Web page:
Strange Monsters Reviewed in Midwest Book Review

The second review for Strange Monsters is in from Midwest Book Review!

Strange Monsters: A Music & Words Collaboration is a unique hybrid of audiobook anthology and music CD. Each track consists of a brief fiction story (or poem) set to contemporary jazz music and performed by actors. The tales meld elements of surreal fantasy and fearful suspense: Rumpelstiltskin’s wife is questioned by police over the disappearance of a local boy; a cursed ballerina who yearns only to dance must deal with an obsessive fan and the hatefully jealous director of her ballet company; a group of do-nothing friends in love with the same woman discover disturbing skeletons of extinct animals on a treacherous camping trip; and more. Haunting, ethereal, and unforgettable, Strange Monsters is music-storytelling fusion experience like no other. Highly recommended. The tracks are “The Stink of Horses”, “Mrs. Stiltskin”, “Skeletons”, “No Eyes”, “Selected Poems”, and “Where You Came From”.

For more information on the album, along with links for purchase at Amazon, CDBaby, and iTunes, click here.

“Sisters” in Grendelsong

I’ve always been interested in the little-explored pieces of the original Little Mermaid story: the lives of the sisters, the weird concept of souls, the sea witch’s back story. I wrote a story about all these things. Today it’s been reprinted online in Grendelsong:

“Sisters” originally appeared in SCHEHEREZADE BEQUEST.

Happy (Belated) New Year (but a little bit sad at the end)

The evidence of my Big Plans for the New Year can be found in the six-line list of resolutions I wrote on my giant to-do board. They’re reachable goals: read 30 books, finish revising my first (readable) novel, write a second novel (readable or not — no pressure!). I had high hopes of getting started on these resolutions right away. Then I caught a stomach flu, followed by a cold, preceded by two weeks of two other ailments. New Year’s was spent toasting kombucha and getting light-headed from the Vicks in our humidifier. The pre-New Year resolve has gone, for the moment, and been replaced with the resolve to veg out in front of Netflix, watching the movies I’ve been meaning to watch for years but haven’t ever gotten around to.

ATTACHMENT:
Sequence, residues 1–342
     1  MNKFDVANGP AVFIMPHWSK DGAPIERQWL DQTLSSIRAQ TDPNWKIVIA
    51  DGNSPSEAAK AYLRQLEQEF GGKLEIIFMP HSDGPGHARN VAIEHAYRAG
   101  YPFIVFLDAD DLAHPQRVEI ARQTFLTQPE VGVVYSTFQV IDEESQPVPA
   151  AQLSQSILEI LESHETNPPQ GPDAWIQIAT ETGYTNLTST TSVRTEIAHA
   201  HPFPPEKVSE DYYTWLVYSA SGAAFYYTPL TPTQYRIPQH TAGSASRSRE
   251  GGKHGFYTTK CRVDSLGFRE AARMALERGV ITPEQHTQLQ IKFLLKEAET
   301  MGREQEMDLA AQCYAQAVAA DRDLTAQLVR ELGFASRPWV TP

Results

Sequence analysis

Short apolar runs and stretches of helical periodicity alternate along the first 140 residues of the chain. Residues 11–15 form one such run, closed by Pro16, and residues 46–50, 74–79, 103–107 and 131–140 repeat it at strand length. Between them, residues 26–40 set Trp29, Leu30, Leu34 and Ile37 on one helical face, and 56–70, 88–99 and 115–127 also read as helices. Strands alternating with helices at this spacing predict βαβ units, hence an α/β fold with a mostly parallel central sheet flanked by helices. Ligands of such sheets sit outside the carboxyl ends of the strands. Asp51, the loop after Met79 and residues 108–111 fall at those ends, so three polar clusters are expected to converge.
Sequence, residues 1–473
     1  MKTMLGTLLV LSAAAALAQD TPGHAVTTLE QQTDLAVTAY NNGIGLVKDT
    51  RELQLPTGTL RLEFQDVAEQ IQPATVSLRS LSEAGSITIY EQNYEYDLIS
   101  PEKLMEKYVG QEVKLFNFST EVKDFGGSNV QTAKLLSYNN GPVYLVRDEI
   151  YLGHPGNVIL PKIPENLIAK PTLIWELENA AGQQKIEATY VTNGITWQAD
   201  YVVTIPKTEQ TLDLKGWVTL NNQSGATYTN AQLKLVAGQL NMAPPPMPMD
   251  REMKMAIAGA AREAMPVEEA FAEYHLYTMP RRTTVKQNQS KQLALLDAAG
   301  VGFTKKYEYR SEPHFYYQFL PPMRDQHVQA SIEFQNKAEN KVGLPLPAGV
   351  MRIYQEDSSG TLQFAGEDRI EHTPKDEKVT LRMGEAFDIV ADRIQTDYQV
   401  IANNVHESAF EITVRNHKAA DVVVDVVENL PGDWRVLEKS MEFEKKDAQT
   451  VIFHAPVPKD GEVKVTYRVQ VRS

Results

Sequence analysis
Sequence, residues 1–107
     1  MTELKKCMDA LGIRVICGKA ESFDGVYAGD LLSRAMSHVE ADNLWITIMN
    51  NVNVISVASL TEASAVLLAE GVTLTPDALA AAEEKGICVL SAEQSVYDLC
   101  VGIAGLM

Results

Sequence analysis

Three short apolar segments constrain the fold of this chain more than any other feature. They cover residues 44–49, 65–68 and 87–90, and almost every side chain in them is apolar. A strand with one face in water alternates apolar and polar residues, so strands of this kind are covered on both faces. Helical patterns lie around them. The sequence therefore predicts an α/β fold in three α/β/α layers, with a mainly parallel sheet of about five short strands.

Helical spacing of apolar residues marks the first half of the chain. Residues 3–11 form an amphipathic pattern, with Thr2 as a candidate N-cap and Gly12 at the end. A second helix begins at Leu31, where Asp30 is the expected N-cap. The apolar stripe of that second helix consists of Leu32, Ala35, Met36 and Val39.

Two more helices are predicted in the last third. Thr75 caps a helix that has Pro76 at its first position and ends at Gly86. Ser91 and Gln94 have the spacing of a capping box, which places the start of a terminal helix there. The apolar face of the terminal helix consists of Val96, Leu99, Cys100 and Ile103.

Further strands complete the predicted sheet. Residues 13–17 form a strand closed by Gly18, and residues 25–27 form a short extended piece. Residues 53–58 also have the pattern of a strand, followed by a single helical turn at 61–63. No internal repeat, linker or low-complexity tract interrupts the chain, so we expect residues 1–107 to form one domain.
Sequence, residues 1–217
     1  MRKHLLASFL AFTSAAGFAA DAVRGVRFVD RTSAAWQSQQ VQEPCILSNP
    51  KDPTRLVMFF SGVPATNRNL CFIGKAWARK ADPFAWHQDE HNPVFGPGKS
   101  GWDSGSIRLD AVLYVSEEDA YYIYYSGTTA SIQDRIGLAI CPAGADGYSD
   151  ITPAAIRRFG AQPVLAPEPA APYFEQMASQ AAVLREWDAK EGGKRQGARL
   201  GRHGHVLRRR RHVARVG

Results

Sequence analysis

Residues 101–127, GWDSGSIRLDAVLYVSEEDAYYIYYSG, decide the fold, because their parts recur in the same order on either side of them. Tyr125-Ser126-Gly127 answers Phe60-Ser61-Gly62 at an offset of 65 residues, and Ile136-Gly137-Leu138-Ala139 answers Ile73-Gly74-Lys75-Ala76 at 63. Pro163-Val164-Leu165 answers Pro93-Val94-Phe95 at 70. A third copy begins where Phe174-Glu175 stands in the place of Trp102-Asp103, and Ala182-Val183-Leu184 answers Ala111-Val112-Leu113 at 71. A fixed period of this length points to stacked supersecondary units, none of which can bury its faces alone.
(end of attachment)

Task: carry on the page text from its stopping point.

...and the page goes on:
That’s all a long-winded way of explaining why I hadn’t put one of these posts together yet. Because I do ascribe to the relief of the new year, however self-constructed that blank slate may be. So here goes: all the writerly things I did this year, and a couple of the not-so-writerly things.

In 2014, my partner and I bought our first house, which means that I now have my very own writing office, where I wrote that first novel mentioned above.


I read books some great books: Duplex by Kathryn Davis, Written on the Body by Jeanette Winterson, Wonderland by Stacey D’Erasmo, Fortress of Solitude by Jonathan Lethem. I saw some great plays: the musical Fortress of Solitude, the Fairytale Lives of Russian Girls, Tomorrow Come Today. I read some great short stories.

In the spring I went to the Rio Hondo workshop in Taos Ski Valley and met some lovely people and saw some lovely scenery.


The Art & Words Show had its third successful year and was profiled in the March/April issue of Poets & Writers, which meant an uptick in submissions.


Publications-wise, I had a great year. I published 17 stories and one poem. I saw my first foreign-language publication when “They Come in through the Walls” was reprinted in French for Ténèbres. I won first place for “Mrs. Stiltskin” in Dallas’ Business Council for the Arts On My Own Time competition. My poems “The Ferryman” and “Strange Monster” garnered Honorable Mentions for Ellen Datlow’s The Best Horror of the Year, Volume Six. I would also be remiss if I did not mention that this year is my second and final year of eligibility for the Campbell Award, which is voted on by WorldCon attendees future, present, and past.

Here is a list of stories that first saw the light of publication in 2014:


Of course, not everything was rosy. I lost a favorite uncle, Gerald, without being able to say goodbye. One of the last things we talked about was my recent writing success, of which he was proud. I wish he were here to celebrate the new year with the family. He was a complex character better than any I could ever write.